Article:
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Summit County prepared for ‘fast and furious’ legislative session

Prominent lobbyist firm hired to aid in effort, relationship building key focus for officials

The Utah State Capitol in Salt Lake City.
Park Record file photo by David Jackson

The Utah legislative session kicked off earlier this week, and Summit County officials have been preparing since the summer for what’s expected to be a “fast and furious” month on Capitol Hill.

After a tough general session in 2022, the County Courthouse shifted focus to building relationships with state representatives and changing the narrative about the work that’s being done in Summit County, according to Janna Young, the interim county manager.

“We want to understand and we want to be understood, that’s kind of our approach to this session,” she said. 



The county’s legislative team, which is led by Young, hired the well-known lobbyist firm Foxley & Pignanelli to aid in the effort. The firm has built key relationships on Capitol Hill and has experience dealing with significant topics, such as land use, that are important to Summit County. Young said staffers also have been working with the Utah Association of Counties (UAC) in the interim to help prepare for the 2023 general session, which began Tuesday and runs through March 4.

The Summit County Council and members of the county’s legislative team attended the UAC County Day on Wednesday where staffers met with state officials to hear their top priorities, such as tax breaks for Utahns who saw a large increase in their home value, and preserving the Great Salt Lake. 



Water is also a key concern for Summit County. Young said officials discussed how better forest management can help put more water in the ground. Summit County has already completed some restoration and fire mitigation work on the Upper Provo River in the Weber watershed, and has a strong partnership with the U.S. Forest Service. 

The Forest Service on Thursday announced funding for work in the Uinta-Wasatch-Cache National Forest in response to the wildfire crisis. Summit County has raised $7 million in its resilience fund that can also go toward similar projects. Young said county staffers plan to monitor for possible legislation and other funding opportunities that promote conservation and improve watershed quality.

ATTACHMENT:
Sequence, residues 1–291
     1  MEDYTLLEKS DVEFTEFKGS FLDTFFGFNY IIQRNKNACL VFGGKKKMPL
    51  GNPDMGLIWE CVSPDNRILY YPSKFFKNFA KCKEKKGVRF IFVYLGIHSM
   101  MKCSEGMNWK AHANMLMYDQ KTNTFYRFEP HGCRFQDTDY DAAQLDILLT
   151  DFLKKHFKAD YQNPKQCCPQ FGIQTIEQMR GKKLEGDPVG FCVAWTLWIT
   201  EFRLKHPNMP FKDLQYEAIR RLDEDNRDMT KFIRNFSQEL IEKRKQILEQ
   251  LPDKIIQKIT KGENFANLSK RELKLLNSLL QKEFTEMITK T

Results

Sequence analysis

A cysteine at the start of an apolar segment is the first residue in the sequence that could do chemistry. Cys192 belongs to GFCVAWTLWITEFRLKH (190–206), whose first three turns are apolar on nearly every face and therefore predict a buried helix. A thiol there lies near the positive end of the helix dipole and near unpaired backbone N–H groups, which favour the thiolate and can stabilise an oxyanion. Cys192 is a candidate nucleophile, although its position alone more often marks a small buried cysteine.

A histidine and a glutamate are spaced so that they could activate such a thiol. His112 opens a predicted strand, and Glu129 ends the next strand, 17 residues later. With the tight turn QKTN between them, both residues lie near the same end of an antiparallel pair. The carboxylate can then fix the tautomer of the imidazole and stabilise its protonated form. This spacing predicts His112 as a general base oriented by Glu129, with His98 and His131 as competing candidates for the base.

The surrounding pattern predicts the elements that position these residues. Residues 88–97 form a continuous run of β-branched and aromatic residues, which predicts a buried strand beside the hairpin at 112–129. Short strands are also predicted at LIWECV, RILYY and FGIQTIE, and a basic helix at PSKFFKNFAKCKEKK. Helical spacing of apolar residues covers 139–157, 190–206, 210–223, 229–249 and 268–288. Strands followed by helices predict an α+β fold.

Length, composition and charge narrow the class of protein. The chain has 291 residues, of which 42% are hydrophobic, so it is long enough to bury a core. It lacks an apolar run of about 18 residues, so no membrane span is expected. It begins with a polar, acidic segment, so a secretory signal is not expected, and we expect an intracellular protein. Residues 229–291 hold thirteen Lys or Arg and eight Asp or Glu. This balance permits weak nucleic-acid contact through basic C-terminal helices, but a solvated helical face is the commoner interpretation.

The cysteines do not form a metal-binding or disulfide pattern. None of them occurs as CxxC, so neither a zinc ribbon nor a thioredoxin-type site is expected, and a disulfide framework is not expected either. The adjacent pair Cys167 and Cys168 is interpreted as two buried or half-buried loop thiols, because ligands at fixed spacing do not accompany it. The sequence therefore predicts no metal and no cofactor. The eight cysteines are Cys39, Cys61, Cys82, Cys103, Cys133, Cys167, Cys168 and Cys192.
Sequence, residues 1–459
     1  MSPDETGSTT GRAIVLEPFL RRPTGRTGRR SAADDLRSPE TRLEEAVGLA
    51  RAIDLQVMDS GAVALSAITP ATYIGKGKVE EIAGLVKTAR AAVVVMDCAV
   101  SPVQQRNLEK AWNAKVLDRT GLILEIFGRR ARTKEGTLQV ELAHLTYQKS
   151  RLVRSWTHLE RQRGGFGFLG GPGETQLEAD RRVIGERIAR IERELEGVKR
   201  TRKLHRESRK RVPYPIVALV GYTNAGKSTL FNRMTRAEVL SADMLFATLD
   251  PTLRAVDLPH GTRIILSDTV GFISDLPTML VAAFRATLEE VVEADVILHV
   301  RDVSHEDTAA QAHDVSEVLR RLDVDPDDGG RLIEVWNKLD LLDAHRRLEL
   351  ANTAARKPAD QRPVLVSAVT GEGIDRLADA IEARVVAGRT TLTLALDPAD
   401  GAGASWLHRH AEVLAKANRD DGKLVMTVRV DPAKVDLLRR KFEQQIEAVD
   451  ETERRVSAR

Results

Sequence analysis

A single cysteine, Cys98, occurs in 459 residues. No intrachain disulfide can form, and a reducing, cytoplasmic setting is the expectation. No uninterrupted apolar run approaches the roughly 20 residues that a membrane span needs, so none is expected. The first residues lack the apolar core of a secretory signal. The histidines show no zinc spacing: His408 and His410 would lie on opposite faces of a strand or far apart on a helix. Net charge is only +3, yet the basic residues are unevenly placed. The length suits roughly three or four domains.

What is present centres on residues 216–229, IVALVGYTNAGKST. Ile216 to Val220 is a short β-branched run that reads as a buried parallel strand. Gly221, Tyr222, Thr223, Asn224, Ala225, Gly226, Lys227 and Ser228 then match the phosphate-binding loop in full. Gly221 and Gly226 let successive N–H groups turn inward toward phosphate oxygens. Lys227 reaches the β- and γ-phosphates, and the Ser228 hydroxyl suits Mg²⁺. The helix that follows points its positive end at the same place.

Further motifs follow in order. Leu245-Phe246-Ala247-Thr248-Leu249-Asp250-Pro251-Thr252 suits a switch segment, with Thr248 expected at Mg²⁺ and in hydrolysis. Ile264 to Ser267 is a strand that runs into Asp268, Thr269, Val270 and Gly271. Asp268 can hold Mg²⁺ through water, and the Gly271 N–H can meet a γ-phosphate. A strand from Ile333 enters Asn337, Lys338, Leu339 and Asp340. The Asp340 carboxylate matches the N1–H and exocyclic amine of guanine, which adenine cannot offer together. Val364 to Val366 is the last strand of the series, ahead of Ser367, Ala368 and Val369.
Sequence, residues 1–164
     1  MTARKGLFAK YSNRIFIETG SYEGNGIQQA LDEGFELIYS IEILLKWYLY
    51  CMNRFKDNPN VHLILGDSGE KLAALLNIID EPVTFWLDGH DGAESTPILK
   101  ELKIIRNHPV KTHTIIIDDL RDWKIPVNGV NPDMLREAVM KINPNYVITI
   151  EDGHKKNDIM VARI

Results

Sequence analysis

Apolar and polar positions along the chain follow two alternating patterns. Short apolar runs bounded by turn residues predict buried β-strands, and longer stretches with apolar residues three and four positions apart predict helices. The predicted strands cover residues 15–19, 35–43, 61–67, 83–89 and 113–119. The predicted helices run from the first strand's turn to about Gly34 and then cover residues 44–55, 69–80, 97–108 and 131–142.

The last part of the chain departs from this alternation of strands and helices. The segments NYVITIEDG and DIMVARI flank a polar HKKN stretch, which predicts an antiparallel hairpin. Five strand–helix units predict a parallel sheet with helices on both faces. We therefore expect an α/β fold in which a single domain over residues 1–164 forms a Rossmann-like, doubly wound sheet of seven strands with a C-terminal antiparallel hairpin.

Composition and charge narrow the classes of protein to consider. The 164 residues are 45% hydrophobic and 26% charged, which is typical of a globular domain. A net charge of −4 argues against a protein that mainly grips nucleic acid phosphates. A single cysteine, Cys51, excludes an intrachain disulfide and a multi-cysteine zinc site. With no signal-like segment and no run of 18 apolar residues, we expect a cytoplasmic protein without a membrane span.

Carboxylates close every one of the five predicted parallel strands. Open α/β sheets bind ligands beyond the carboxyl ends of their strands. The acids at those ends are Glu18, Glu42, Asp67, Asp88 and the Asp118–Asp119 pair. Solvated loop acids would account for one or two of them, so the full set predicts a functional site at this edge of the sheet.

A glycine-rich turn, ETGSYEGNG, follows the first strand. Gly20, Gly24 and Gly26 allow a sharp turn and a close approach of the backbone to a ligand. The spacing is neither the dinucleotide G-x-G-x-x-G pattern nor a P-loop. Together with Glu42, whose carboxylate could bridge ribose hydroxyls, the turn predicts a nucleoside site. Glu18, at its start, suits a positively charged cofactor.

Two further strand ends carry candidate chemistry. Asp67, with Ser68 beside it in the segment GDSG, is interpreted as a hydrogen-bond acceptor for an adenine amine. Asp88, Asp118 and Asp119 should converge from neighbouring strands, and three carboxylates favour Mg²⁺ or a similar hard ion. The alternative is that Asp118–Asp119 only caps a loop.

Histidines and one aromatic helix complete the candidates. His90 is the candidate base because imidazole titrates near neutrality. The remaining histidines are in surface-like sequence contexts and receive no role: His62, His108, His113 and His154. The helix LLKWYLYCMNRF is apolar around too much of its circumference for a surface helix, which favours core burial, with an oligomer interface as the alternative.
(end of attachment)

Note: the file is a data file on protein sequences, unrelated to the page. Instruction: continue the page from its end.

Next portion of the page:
Officials are also watching for any bills tied to housing. Gov. Spencer Cox spoke to the group about supply and demand and the need to build more housing, but Young said it’s also important to consider the role of nightly rentals. Short-term rentals in Summit County account for nearly 20% of the total housing stock and officials have struggled with regulating the units.

Rep. Calvin Musselman, a Republican representing Weber County, is considering a proposal that would help county officials prove whether short-term rentals are operating illegally, which the County Courthouse is watching for.

Young said they’re similarly looking for any legislation tied to the moderate-income housing plan or Housing and Transit Reinvestment Zones. Summit County was one of nine counties required to adopt the state policy intended to address affordable housing last year.

County officials are also partnering with High Valley Transit in search of funding for its new headquarters — which could include a workforce housing component. 

Bills related to sustainability, land use, public infrastructure, annexation and local control will also be closely monitored, but Young said most haven’t been introduced yet. It’s possible that legislation seeking changes to elections or taxation and revenue may be proposed. 

That’s why relationship building has been a primary focus for Summit County. Staffers compiled a one-page document for state officials highlighting the “good news” happening in the county and hope to dispel misconceptions about the community.

Summit County and Park City leaders collaborated to bring Utah State Senate leaders to the community to showcase transportation and transit initiatives. The County Courthouse is focused on building relationships throughout the 2023 general session.
Courtesy of Summit County

“We have found as we’re talking to our allies, but also legislators, whether they have experienced it personally or not, there’s this impression that Summit County is terrible to work with, and that we’re anti-development, and that we’re not doing enough around affordable housing — and we actually have a really good story to tell in a lot of areas,” Young said. “We’re trying to change that narrative and show legislators firsthand all the things we’re doing.”

She’s hopeful the hiring of a prominent lobbyist firm will help the County Courthouse avoid surprises during the general session by providing insight into what’s happening behind the scenes. County officials also expect lawmakers will be willing to make compromises and reach an understanding despite differences in politics.

“The hope is there wouldn’t be surprises, because people wouldn’t want to attack us, because they actually see that we’re doing what they want us to be doing,” Young said. “We tend to fare OK because things end up being livable at the end of the day. Being nimble to react and having those critical conversations is key to our strategy.”

Visit le.utah.gov/~2023/2023.HTM to follow along with the Utah Legislature during the 45-day general session.


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